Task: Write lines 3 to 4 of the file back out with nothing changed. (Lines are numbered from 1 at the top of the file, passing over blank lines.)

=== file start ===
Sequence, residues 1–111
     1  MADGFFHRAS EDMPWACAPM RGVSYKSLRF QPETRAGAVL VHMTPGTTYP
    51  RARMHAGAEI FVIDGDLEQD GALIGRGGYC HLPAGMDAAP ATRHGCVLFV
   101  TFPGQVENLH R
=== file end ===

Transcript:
    51  RARMHAGAEI FVIDGDLEQD GALIGRGGYC HLPAGMDAAP ATRHGCVLFV
   101  TFPGQVENLH R